By  on March 4, 2005

NEW YORK — Another European retailer wants a piece of the American market.

Terranova, an inexpensive and trendy youth-oriented chain based in Italy, has been operating a store in SoHo since December and is scouting locations here and in other U.S. cities. “You can say we sell cheap stuff, like H&M. Our prices are very, very low and the quality is very good,” said Lorenzo Ciunci, commercial supervisor for Terranova in the U.S. “We are going to start to open more stores in six months.”

He sees Terranova having 100 stores in the U.S., averaging 6,000 square feet, in five years. 

For now, however, Terranova is just nibbling at the competition, which in Manhattan is primarily H&M, Forever 21, Zara and Old Navy. Terranova’s sole U.S. store is at 594 Broadway near Houston Street, but it’s begun working with real estate firm Cushman & Wakefield to find additional locations. Ciunci cited San Diego, Philadelphia, Miami and Manhattan as initial targets. Terranova wants to franchise stores where owners buy Terranova products on a consignment basis, or it would own stores where the real estate is more expensive.

“They need high foot-traffic areas,” said Alan Napack, director of retail services, Cushman & Wakefield. “We’re focusing on finding a space on 34th Street and possibly Chelsea as their next possible Manhattan locations.”

Worldwide, there are 364 Terranova stores in 32 countries, primarily in Europe and the Middle East, as well as in Latin America, China and The Philippines. Terranova is a division of Teddy, the Rimini, Italy-based manufacturer and distributor of fashion brands under various labels, such as Terranova and Rinascimento in women’s, and Terranova and Etnic in men’s, which are sold at Terranova here.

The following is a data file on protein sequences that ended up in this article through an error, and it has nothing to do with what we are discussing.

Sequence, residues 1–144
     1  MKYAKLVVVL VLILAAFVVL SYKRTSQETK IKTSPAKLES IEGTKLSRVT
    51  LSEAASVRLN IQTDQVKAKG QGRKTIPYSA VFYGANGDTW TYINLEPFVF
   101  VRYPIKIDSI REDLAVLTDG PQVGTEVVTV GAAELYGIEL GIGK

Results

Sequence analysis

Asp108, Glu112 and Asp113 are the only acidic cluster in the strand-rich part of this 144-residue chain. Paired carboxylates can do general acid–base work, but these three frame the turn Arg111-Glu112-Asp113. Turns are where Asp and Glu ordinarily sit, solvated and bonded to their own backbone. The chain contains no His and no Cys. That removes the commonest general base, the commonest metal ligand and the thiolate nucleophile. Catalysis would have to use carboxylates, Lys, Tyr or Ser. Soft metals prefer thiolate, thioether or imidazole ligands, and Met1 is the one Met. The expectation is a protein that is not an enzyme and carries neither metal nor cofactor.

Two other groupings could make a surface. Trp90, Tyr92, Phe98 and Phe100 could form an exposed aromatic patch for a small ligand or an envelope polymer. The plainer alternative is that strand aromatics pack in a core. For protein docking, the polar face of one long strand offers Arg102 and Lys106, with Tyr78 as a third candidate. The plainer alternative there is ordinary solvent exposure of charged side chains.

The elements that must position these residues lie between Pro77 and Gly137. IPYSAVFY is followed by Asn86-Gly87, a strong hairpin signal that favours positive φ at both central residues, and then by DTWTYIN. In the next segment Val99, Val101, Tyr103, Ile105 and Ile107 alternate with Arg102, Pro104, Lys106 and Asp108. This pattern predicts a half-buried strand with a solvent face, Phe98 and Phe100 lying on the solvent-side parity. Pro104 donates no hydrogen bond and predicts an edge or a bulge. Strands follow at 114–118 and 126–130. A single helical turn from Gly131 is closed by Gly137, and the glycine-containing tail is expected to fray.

The company, founded and owned by Vittorio Tadei, generated revenues of about 200 million euros last year, or $262.4 million at current exchange. The vertical formula focuses on low prices, trendy styles, a multiplicity of color, and shipping new looks and colors each week to encourage rapid inventory turns. Among the bestsellers are stone-washed and vintage jeans at $50, denim jeans with rhinestones for $66, cargo stretch capris, $50, and acrylic turtlenecks, $32.99. Recently, stretch cargo capris in velvet were offered in 10 colors and sold for $10.99 at clearance. Much of the merchandise seems inspired by urban streetwear, hip-hop, a touch of Abercrombie & Fitch, and sports and collegiate-inspired logos. Items are on sale everyday, while bigger promotions are staged monthly and clearances run twice a year.  Ciunci acknowledges H&M’s dominance. “They’re like the Ikea of women’s,” he said. “Whoever has the best price has the customers. That’s what H&M has taught everybody.”

However, he feels Terranova has advantages in men’s wear by offering “the same price, but more quality and fashion.” He cited best-selling sweaters including V-necks in cotton stretch priced at $16.50; mohair sweaters for $32.99, and stretch button-down shirts for $12.99.

The 6,000-square-foot SoHo store, which has a mezzanine for selling, is budgeted to generate about $5 million in sales its first year. Terranova actually entered the U.S. three years ago with a store in the Garden State Plaza in New Jersey, which closed last year. They did “a bit of retooling,” including efforts to bring prices down, and “wanted to launch in a higher-profile setting,” said Napack.

Kind of the same strategy as H&M, albeit on a smaller scale. 

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